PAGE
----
Recent comments

  • Explosives, Possibly Dating to 1930s, Found in Sequoia National Park's Crystal Cave--Updated   6 years 31 weeks ago

    Is this guy's title actually Chief Blaster?? If it is, that is a seriously awesome job title :)

  • Montana Governor Asked to "Provide Leadership" In Yellowstone Bison Controversy   6 years 31 weeks ago

    In this case, the agencies involved in the IBMP are the National Park Service, the United States Forest Service, the Animal and Plant Health Inspection Service, the Montana Department of Livestock, and Montana Fish, Wildlife and Parks.

    What we are hearing from the field is that compared with years past, the hazing has been relatively mild; however, there has been some hazing on private property, something that Governor Schweitzer's office says wouldn't happen. However, there are firsthand witnesses reporting otherwise.

    Most of the buffalo are still there; it's also extremely warm this weekend - there should be a huge melting of snow this weekend.

    Some of us joined BFC's rally in Helena the same day that the hazing started, where we attempted to give Gov. Schweitzer and Yellowstone Superintendent Suzanne Lewis the Buffalo Bill Award for having hilled more buffalo (1,604) than at any time since the 19th century. Schweitzer wasn't there; he had an intern who knew next to nothing about the issue put on a smiling face in accepting the award.

    Locals are beginning to organize in addition to Buffalo Field Campaign. We've formed Buffalo Allies of Bozeman, and the Horse Butte Neighbors of Buffalo (HOBNOB) are re-activating. We urgently need your support so that this doesn't happen again.

    As the GAO noted, the conflicting missions of the IBMP partners and the lack of a clear goal make the success of the plan impossible. The IBMP must be scrapped; however, in the short term, stopping this haze would be a good idea this year and every other year in both the north and the west of the park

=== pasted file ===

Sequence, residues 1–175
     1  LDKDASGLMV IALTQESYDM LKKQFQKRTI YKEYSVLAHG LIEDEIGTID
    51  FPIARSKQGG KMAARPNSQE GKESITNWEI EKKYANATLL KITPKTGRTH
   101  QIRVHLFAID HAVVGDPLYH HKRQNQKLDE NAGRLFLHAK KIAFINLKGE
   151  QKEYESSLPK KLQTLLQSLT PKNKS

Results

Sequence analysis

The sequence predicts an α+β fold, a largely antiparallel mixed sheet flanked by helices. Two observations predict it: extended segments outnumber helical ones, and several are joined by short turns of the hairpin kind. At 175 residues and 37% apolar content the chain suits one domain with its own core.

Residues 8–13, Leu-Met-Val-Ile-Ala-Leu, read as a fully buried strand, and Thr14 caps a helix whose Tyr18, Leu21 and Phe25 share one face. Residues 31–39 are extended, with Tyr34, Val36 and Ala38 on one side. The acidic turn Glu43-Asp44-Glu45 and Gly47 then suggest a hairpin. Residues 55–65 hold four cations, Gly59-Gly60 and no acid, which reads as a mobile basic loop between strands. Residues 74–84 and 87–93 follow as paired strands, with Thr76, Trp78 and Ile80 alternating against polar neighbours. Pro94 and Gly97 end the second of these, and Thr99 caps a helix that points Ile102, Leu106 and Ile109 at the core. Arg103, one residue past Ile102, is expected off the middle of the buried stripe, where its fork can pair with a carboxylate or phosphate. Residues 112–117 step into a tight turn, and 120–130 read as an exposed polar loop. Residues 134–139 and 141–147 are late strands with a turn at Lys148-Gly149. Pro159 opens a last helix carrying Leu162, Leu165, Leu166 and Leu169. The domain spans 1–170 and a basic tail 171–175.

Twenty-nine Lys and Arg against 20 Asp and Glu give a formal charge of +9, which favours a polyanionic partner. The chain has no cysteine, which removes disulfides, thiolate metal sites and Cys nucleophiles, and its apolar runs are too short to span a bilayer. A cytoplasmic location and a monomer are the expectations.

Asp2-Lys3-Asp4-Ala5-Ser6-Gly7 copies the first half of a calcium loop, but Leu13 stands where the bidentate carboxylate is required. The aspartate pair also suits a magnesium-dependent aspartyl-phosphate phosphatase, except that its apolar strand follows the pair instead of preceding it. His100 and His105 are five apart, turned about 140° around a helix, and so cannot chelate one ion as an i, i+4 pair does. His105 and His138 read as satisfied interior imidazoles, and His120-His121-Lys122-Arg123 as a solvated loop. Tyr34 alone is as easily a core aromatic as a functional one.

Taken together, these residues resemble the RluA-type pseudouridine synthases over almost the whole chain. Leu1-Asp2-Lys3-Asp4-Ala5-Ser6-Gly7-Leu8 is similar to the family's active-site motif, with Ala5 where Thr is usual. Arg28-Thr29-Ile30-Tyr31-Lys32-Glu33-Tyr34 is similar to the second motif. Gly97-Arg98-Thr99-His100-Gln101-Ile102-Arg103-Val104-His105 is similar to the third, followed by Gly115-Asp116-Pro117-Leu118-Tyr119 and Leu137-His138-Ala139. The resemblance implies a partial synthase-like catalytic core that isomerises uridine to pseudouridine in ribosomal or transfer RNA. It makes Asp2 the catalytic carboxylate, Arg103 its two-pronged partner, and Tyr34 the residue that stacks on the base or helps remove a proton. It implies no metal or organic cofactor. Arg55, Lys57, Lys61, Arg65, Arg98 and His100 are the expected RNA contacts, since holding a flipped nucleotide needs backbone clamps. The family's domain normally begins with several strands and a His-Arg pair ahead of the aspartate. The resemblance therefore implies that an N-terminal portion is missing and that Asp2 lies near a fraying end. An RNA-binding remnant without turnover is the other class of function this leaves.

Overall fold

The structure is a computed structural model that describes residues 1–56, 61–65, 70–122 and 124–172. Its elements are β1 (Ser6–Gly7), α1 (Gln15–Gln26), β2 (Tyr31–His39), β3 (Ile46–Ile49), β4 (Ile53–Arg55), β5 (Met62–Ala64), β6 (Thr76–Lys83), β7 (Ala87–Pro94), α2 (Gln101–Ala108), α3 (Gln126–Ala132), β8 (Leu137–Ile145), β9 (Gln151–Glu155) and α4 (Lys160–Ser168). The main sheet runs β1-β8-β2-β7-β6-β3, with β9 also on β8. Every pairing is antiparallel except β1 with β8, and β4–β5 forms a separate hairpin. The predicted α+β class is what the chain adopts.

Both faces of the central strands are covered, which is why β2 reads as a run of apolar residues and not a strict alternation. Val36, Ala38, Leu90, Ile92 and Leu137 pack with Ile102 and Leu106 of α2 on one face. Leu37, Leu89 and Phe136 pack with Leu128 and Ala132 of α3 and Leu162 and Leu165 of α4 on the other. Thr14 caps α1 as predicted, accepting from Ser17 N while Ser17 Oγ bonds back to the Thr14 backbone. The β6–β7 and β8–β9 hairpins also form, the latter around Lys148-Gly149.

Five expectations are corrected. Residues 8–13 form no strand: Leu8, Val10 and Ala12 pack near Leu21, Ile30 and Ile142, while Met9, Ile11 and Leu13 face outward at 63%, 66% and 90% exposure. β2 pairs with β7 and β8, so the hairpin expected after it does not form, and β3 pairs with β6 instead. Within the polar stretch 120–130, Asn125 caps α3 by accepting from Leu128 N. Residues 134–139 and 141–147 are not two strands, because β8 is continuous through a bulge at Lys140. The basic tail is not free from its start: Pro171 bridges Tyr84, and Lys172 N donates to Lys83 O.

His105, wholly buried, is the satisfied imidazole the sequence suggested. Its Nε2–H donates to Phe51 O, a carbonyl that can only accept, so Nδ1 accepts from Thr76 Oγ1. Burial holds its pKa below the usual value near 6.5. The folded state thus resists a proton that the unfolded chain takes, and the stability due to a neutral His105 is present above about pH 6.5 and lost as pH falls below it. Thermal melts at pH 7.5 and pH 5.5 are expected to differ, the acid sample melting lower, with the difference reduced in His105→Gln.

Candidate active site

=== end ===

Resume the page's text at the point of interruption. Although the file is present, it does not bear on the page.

Jim Macdonald
    The Magic of Yellowstone
    Yellowstone Newspaper
    Jim's Eclectic World

  • Wolf Killed Illegally Near Grand Teton National Park, $3,000 Reward Offered   6 years 31 weeks ago

    Kurt, I am not going let this tragic and sad article pass me by without venting my anger at this despicable sick coward that shot this beautiful animal.

    It never amazes me and some people just can't live in balance with nature...it's gotta be this rape and pillage of the land with complete disregard of its natural resources...whether it be fur, fin or feather. With global warming at hand, wildlife is being pushed to the limits for survival, either it be the gray wolf or polar bears of the Arctic. Some idiot that doesn't give a ---- about our natural resources and pulls the trigger to annihilate some species of animal just because it doesn't fit in his scheme of things...is a living coward to boot.

    (Editor's note: This comment was edited to remove gratuitous and unnecessary content and to abide by the Traveler's code of conduct.)

  • National Park Quiz 2: Straddlers   6 years 31 weeks ago

    Well, MRC, I wouldn't want people to use the "open book" approach to get the answers the first time through the quiz. That would take the fun out of it. But I do think it'd be great if people who missed quiz items used various sources (including the Internet) to find out why particular answers were correct. Often, the best place to begin is with the relevant park's home page, which can be accessed through the National Park Guide alphabetical index at http://home.nps.gov/applications/parksearch/atoz.cfm. Everybody with a serious interest in the national parks should have that site bookmarked.

  • National Park Quiz 2: Straddlers   6 years 31 weeks ago

    Bob, you want us to use websites, literature and maps to answer your quizzes? I thought one had to answer them straight out of ones head, and was a bit unhappy as I got only 7 out of the 11 this time after 9 of 10 at the last.

  • Coal-Fired Plants Obscuring National Park Vistas   6 years 31 weeks ago

    North Texas has Lake Meredith NRA and Alibates Flint Quarries NM. But maybe better filter systems might help? The Germans use amazing electric particle filters on their plants and use the cooling water to "wash" the exhaust fumes additionally. I'm not really sure, if the US standard is as high as theirs.

  • Montana Governor Asked to "Provide Leadership" In Yellowstone Bison Controversy   6 years 31 weeks ago

    6 years and 16 million dollars for nothing.........and to think, we sent a man to the moon within a single decade. This problem needs to be solved NOW. The wild bison and other animals who have to follow the forage to survive deserve our help.

    This situation is a disgrace to America, the state of Montana, the US Fish & Wildlife and the National Park Service.